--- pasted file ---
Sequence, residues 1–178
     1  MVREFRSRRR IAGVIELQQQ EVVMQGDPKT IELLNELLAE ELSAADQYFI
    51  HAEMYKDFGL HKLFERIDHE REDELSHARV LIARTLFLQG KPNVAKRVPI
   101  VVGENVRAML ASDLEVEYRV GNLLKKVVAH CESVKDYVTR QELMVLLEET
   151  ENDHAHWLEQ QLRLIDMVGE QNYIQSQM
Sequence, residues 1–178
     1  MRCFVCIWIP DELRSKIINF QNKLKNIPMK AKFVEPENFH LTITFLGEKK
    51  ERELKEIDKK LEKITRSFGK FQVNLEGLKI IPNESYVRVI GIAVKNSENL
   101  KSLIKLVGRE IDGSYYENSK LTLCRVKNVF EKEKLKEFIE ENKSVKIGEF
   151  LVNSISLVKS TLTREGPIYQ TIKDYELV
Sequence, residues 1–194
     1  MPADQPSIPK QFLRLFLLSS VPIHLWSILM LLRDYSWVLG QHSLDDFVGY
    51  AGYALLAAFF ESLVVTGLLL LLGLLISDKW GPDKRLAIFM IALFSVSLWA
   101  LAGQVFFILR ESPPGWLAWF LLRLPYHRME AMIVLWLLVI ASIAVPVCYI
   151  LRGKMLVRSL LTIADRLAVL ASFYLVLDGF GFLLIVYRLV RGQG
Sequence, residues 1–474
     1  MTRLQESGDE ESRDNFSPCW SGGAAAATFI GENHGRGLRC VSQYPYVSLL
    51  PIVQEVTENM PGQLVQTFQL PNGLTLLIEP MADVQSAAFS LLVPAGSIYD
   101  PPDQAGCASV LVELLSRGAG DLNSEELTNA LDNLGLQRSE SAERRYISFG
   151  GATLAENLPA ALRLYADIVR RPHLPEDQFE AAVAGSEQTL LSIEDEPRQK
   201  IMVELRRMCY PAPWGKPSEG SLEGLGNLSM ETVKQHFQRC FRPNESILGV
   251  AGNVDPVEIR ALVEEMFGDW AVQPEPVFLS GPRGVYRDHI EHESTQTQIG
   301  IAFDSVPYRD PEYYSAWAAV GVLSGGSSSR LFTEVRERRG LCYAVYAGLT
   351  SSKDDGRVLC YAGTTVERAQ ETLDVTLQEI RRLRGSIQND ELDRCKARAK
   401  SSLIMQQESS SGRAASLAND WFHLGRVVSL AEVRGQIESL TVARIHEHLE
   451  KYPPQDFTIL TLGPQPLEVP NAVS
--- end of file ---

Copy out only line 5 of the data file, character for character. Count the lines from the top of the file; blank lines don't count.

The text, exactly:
   151  ENDHAHWLEQ QLRLIDMVGE QNYIQSQM